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Inspiration From Tennis Greats

Taking Inspiration From Tennis Greats

The New York Times

August 24, 2002

Taking Inspiration From Tennis Greats


Bianca, my 13-year-old daughter, is not a tennis player. Yet Serena and Venus Williams — the sisters ranked as the No. 1 and No. 2 women tennis players in the world, respectively, going into next week's United States Open — have had a powerful influence on her. Largely because of their example, during the past year Bianca went from being an average athlete to being state champion in the 200-meter hurdles and attaining a top-three state ranking in her age group in three other track and field events.

What inspires Bianca about the Williams sisters are the same qualities that made Arthur Ashe a powerful role model for me more than 25 years ago. I first heard of Ashe when I was trapped in Alexandra, a notorious Johannesburg ghetto. Crippled by self-doubt, I was desperately searching for a way to overcome the poverty and racial oppression around me.

I became interested in tennis after I shocked Mrs. Smith, the white woman my grandmother worked for as a gardener, by admitting that I hadn't any idea what she meant by the word "gentleman." She explained that Arthur Ashe was one. I'd never heard of him, but Mrs. Smith spoke about him with such admiration, having apparently seen him play at Wimbledon, that I was determined to emulate this black Hercules who'd slain the Hydra of racism to achieve his full potential.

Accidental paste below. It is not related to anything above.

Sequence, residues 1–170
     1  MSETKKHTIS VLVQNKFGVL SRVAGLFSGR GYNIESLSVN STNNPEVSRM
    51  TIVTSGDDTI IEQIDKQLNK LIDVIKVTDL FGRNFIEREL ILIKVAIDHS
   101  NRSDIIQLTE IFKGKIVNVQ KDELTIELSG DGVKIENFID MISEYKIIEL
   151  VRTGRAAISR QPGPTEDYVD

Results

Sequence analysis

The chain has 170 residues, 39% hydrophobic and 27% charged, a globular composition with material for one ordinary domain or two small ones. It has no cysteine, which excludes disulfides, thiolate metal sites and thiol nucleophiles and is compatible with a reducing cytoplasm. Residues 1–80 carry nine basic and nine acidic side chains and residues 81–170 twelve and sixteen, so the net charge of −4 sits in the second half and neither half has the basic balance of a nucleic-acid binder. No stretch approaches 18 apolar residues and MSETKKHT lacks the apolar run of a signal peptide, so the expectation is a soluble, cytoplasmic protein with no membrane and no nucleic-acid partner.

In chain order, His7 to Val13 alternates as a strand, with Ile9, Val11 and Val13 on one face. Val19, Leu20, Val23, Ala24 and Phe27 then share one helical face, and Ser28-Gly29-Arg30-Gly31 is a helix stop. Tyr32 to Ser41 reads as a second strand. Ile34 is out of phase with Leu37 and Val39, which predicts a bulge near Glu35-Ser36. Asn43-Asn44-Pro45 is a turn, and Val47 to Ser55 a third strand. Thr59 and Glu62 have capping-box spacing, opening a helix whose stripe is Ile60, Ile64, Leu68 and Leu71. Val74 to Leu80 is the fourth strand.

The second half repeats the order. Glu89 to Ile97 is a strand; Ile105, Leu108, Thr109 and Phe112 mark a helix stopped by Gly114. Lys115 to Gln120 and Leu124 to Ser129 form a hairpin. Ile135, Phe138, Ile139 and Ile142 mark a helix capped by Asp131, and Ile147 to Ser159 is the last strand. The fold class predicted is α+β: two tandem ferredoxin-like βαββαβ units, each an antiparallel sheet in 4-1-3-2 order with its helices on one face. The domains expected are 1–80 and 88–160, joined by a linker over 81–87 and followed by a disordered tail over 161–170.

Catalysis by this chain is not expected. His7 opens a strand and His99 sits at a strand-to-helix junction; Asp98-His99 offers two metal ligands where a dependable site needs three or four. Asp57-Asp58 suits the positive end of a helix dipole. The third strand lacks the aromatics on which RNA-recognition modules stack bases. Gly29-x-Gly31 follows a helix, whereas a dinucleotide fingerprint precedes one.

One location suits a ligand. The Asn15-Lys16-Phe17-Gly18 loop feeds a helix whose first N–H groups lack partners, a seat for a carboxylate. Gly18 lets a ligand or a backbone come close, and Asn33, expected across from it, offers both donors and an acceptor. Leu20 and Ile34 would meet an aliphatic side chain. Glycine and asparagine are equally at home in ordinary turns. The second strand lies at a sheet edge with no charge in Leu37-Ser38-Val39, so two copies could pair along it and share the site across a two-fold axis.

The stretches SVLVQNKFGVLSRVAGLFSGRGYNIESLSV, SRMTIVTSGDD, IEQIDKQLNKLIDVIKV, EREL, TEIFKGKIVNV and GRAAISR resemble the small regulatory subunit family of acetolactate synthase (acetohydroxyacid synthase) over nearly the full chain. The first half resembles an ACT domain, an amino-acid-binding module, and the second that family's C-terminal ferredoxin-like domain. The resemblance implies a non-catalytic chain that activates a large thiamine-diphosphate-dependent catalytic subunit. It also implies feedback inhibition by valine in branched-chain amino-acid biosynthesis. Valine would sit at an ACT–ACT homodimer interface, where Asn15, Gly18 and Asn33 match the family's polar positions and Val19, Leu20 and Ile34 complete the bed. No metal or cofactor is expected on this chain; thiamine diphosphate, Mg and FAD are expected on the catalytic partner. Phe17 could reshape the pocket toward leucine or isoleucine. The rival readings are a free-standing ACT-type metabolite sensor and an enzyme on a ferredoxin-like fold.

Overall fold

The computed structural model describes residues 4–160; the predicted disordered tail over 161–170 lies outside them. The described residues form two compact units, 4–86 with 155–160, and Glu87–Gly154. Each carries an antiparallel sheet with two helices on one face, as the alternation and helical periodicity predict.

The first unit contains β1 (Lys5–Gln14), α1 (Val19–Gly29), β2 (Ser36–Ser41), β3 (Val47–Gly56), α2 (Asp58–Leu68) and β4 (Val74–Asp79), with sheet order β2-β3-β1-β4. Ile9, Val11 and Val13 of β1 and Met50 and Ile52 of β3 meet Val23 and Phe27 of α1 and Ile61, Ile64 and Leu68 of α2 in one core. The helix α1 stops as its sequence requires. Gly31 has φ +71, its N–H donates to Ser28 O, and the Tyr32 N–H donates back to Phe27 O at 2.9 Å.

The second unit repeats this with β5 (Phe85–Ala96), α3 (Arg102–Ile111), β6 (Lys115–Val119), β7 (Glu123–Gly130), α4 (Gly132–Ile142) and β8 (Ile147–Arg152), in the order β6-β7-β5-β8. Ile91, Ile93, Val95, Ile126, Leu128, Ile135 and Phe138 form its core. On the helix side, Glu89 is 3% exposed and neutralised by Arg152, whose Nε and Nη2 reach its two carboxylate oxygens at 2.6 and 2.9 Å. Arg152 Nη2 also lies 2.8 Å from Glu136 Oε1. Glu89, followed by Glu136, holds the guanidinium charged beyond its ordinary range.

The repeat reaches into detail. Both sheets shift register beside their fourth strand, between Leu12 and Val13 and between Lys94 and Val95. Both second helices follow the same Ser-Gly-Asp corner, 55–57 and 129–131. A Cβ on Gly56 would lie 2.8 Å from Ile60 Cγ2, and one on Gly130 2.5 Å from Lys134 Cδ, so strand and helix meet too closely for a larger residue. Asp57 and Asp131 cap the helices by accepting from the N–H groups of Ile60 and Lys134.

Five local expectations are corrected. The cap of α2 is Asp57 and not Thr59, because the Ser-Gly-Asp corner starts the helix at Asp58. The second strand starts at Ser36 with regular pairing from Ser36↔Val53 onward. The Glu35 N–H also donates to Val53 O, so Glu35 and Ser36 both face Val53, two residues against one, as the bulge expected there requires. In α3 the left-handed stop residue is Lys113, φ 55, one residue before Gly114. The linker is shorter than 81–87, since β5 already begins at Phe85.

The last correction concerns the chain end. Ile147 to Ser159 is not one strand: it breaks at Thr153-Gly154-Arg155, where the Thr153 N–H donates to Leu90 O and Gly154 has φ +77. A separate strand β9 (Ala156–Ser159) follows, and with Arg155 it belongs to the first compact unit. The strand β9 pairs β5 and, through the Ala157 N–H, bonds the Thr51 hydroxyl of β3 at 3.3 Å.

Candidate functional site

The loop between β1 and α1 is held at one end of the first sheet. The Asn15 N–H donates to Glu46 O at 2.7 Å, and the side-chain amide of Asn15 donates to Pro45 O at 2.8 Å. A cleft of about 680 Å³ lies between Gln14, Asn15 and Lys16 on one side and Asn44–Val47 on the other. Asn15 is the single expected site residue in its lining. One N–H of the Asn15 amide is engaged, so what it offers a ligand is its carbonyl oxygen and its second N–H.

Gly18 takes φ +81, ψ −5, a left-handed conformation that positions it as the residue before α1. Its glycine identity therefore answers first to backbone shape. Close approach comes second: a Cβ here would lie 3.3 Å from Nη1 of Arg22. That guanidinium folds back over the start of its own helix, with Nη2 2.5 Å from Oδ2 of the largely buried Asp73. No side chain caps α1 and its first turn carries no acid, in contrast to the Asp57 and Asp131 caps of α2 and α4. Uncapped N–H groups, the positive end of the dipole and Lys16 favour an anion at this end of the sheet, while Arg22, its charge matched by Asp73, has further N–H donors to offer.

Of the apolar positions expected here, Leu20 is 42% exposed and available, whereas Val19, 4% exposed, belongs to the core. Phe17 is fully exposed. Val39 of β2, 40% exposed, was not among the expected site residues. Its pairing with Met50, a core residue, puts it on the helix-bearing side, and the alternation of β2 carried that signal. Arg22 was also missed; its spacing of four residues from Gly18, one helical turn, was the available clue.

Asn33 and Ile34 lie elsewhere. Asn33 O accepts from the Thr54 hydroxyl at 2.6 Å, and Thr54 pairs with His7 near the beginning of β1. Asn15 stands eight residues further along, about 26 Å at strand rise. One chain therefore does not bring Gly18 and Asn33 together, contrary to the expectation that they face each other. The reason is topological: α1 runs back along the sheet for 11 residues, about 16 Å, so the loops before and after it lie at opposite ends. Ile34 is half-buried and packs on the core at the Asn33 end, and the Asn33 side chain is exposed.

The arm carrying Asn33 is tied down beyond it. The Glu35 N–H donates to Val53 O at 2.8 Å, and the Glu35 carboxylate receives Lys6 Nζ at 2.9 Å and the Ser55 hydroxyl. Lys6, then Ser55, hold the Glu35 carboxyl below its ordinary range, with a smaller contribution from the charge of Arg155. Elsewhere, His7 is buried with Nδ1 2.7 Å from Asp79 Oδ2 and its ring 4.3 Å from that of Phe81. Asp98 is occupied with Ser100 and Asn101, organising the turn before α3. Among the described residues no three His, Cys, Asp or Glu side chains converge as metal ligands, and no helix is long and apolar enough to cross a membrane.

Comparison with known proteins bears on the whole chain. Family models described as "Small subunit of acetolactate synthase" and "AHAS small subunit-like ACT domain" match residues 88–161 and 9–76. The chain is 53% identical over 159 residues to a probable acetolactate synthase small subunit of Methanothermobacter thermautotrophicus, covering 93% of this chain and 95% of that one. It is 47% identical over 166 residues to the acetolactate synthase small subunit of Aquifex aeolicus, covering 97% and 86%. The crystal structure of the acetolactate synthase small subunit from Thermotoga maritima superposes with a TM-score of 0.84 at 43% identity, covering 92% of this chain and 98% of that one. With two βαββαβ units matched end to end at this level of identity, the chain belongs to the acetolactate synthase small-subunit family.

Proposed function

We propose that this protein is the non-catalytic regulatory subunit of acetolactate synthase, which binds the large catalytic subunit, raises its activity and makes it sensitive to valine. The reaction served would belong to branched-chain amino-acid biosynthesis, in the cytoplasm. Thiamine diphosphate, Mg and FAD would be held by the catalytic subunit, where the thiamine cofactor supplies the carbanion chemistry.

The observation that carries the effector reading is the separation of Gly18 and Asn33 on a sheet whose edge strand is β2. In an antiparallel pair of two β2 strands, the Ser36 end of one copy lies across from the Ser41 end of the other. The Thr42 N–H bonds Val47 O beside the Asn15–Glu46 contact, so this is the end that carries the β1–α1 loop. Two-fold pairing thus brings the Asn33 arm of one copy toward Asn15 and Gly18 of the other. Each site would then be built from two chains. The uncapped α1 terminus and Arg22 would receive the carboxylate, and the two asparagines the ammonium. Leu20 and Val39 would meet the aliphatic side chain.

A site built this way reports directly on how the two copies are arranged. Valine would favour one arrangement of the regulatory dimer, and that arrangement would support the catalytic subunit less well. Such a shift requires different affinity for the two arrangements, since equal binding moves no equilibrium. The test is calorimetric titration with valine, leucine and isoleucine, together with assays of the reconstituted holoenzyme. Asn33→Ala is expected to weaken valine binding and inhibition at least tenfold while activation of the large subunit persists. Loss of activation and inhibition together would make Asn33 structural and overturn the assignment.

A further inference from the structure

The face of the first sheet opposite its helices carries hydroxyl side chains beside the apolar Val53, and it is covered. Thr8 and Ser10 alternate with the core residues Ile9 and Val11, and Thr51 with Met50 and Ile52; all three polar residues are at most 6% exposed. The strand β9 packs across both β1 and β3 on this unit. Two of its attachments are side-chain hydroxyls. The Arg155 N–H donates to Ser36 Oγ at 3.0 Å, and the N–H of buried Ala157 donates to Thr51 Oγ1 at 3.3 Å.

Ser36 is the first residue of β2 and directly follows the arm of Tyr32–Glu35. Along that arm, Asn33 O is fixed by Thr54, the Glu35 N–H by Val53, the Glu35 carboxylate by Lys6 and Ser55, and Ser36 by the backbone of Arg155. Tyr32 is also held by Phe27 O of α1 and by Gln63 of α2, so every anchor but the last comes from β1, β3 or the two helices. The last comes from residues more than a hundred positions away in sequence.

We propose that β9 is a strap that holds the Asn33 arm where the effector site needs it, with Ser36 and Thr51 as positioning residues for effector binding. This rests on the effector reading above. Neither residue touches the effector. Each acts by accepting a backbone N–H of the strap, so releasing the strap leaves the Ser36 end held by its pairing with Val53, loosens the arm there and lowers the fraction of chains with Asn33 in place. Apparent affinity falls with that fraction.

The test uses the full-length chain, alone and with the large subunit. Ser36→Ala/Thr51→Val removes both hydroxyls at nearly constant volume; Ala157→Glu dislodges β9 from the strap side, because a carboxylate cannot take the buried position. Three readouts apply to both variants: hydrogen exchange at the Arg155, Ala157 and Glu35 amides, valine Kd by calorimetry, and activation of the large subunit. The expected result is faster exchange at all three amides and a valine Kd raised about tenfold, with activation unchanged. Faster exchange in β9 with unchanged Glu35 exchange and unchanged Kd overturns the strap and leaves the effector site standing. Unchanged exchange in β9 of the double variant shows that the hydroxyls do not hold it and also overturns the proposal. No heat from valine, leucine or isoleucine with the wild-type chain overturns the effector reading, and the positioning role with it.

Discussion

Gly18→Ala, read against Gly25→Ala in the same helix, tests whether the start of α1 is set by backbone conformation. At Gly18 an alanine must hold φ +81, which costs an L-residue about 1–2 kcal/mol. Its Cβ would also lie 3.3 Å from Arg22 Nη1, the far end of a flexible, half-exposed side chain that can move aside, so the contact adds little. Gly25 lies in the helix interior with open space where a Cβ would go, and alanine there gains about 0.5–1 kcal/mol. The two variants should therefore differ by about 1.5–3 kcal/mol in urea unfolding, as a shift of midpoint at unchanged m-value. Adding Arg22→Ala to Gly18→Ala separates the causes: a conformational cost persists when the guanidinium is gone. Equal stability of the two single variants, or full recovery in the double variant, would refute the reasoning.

Later that day, as a bonus for a job well done (polishing the silver and the "master's" shoes), Mrs. Smith gave me a warped wooden tennis racket. Thrilled, I took it back to the ghetto and began pummeling a brick wall in the hope of someday becoming another Ashe. Then, in 1973, Ashe was finally granted a visa to set foot in South Africa, after having been persona non grata because of his criticism of apartheid. I scrounged up the money to see him play in a tournament he'd demanded be integrated.

Ashe was the first free black man I'd ever set my eyes upon. I'd never before seen a black person who was unafraid to look white people in the eye and tell them exactly what he thought. For me, he was liberated black manhood personified, and I decided to master this aristocratic white man's game called tennis so that someday I would be as free as Arthur Ashe. (I wound up being good enough to get a tennis scholarship to an American college.)

To my daughter, the Williams sisters are liberated black womanhood personified. She admires their self-confidence, pride, quick-wittedness, devotion to faith and family, love of learning and refusal to eschew racial controversy even if it roils white sensibilities. Their remarkable journey from the inner city courts of Compton, Calif., to the pinnacle of the tennis world has taught her the importance of using obstacles as motivation. Their mental toughness on the court has taught her that self-doubt can be a more formidable antagonist than one's opponent.

They have even influenced her attitude about what constitutes beauty. Bianca used to believe that young women had to starve themselves into wraiths to be attractive. Now the athletic bodies of Venus and Serena are her ideals of beauty.

When Arthur Ashe died in 1993, I wept uncontrollably, in part because I feared that no other black athlete of his caliber would come along to inspire young black people to be proud of their color, to believe in themselves and to refuse to allow racism to define their humanity and aspirations. Judging from their effect on my daughter, Venus and Serena are doing just that.

Mark Mathabane is the author of "Kaffir Boy.''

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